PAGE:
The other thing would be to make sure that any substitution or equivalency process is manageable; that it's not more bureaucratic than the existing system. This means making sure that if there are equivalency provisions and substitution provisions, they are actually of benefit and are doable—making sure that the details in the regulations don't make things too burdensome.

8:25 p.m.

Conservative

The Chair Conservative Blaine Calkins

Thank you very much, Mr. Trost.

Colleagues, this brings an end to the first—

8:25 p.m.

Conservative

David Anderson Conservative Cypress Hills—Grasslands, SK

Chair, I have a point of order.

I think it's important that we understand what's in the information here. Clause 150 does not talk about the minister designating to anyone other than another minister, and I think that's important to understand. I hope we haven't been confused by that.

Secondly, in terms of the fines, certainly there are some first offences that start at $5,000, but it should be pointed out that they go up to $12 million. I think there needs to be some clarity on that as well.

8:30 p.m.

Conservative

The Chair Conservative Blaine Calkins

Mr. Anderson, I don't believe this is a point of order. If you want to explore it in further lines of questioning with other witnesses, I would encourage you to do it that way, as a matter of debate.

8:30 p.m.

Conservative

David Anderson Conservative Cypress Hills—Grasslands, SK

Actually, accuracy should be important.

8:30 p.m.

Conservative

The Chair Conservative Blaine Calkins

Accuracy is important, and it needs to be explored through discussion and debate. Disagreement about the facts is not a point of order. It has to be a procedural discussion.

Colleagues, thank you very much for your time.

Mr. Wojczynski, Mr. Siddon, Ms. Schwann, Monsieur Simard, Monsieur Tremblay, thank you very much for coming here tonight.

We're going to suspend for a few minutes and resume with the second part of our meeting.

8:35 p.m.

Conservative

The Chair Conservative Blaine Calkins

Okay, thank you very much, colleagues. We are going to resume with the second panel for tonight's meeting. Joining us as our witnesses are: from the Corporation of the District of Kent, Mr. Lorne Fisher, councillor; from Ecovision Law, Mr. Stephen Hazell, senior counsel; from MiningWatch Canada, Mr. Jamie Kneen, communications coordinator; from the Canadian Taxpayers Federation, Mr. Gregory Thomas, federal and Ontario director; and from the Northwest Territories Chamber of Commerce, Mr. Hughie Graham, president, whom I don't see at the table right now, but I'm hoping will join us shortly.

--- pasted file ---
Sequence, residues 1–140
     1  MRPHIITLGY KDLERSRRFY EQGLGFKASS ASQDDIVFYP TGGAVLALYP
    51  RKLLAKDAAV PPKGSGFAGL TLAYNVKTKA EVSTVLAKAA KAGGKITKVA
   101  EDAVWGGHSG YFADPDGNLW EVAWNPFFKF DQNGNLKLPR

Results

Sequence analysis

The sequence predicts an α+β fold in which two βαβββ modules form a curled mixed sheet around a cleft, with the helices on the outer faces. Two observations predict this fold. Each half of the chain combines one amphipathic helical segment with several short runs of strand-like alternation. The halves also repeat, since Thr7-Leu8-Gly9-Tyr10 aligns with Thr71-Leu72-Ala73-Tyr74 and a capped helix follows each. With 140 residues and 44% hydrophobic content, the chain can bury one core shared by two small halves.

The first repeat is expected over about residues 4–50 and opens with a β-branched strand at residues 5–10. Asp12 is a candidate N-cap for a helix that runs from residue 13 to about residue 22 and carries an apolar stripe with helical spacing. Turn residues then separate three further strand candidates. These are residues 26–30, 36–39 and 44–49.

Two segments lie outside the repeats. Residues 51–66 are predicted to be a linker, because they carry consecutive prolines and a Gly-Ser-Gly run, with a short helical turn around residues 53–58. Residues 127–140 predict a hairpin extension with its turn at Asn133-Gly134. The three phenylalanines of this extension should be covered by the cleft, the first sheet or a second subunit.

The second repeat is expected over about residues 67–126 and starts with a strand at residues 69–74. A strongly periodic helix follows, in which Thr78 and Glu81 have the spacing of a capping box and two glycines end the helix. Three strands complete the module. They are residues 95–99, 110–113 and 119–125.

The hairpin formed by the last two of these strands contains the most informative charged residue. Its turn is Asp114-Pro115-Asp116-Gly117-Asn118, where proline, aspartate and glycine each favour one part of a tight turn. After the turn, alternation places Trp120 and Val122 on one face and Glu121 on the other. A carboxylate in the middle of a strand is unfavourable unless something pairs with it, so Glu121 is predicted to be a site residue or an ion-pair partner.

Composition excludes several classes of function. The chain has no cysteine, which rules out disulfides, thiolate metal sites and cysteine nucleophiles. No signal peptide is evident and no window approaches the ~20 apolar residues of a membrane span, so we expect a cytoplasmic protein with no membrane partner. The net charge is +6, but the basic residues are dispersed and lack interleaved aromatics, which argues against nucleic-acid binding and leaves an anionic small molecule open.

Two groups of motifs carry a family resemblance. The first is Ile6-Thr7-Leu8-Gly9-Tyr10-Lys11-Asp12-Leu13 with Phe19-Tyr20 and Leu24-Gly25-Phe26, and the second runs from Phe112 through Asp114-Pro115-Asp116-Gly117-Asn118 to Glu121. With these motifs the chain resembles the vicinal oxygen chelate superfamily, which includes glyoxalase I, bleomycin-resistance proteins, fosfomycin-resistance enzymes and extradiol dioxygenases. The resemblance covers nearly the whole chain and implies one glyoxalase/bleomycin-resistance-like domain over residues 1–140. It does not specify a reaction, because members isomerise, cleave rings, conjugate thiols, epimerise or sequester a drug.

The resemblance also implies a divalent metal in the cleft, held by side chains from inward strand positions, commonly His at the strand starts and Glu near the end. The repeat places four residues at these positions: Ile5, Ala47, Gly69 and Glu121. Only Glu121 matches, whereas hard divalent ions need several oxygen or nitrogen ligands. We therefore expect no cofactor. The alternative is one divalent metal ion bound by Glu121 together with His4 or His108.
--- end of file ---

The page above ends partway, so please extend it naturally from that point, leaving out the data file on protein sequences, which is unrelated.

Without further ado, we're going to proceed in the order in which the witnesses appear on the orders of the day for this committee. We're going to start with Mr. Fisher, for up to 10 minutes, sir.

8:35 p.m.

Lorne Fisher Councillor, Corporation of the District of Kent

Thank you very much.

On behalf of the five municipalities from the Upper Fraser Valley of British Columbia—the City of Chilliwack, the District of Hope, the District of Kent, the Fraser Valley Regional District, and the Village of Harrison Hot Springs—I wish to extend our appreciation to the committee for this invitation to participate in the discussions of the changes to the Canadian Environmental Assessment Act, the Fisheries Act, and the Species at Risk Act, as proposed in Bill C-38.

We commend the federal government for taking these initiations to simplify and expedite the approval process for major projects that have environmental implications. As communities that facilitate the corridor for major transmission lines, pipelines, both major railway lines, and the Trans-Canada Highway, we are well aware of the public hearings, etc., that major corporations—such as BC Hydro, Fortis, etc.—have to satisfy in order to expand their services to our communities and to the province of B.C. as a whole.

This is a stringent approval process; however, the efficiency of the present system could be improved. It is hoped that the changes proposed in Bill C-38 will achieve that objective. Time is money, and lengthy delays in the approval process for major projects can result in lost opportunities and can be harmful to the overall economy of our country.

However, of immediate concern to our communities in the Fraser Valley are the proposed changes to the Fisheries Act and the Species at Risk Act. The Fraser Valley is a flood plain known for the very high productivity of its soils for forage production—five or six harvests per season—and its specialty crops of fruits and vegetables.

Because of relatively high seasonal rainfalls and high water tables associated with the annual freshet from the Fraser River, it is essential for the productivity of these soils that they be drained effectively. This requires the annual maintenance of a network of engineered ditches that have been constructed to maintain the quality of these soils. The farmland and the surrounding forest and mountains are also drained by natural streams and sloughs that are legitimate fish habitat, and by the Fraser River itself, which of course is habitat for salmon and other species of fish such as the sturgeon.

The conflict between the farmers and the municipalities on the one hand, and the Fisheries Act and the Department of Fisheries and Oceans personnel on the other, is DFO's insistence that agricultural drainage ditches are fish habitat and therefore subject to the DFO directives based on the Fisheries Act. Therefore, obtaining approvals for annual drainage maintenance and routine culvert and bridge repair has become a major expense for the municipalities and a source of frustration for the farmers.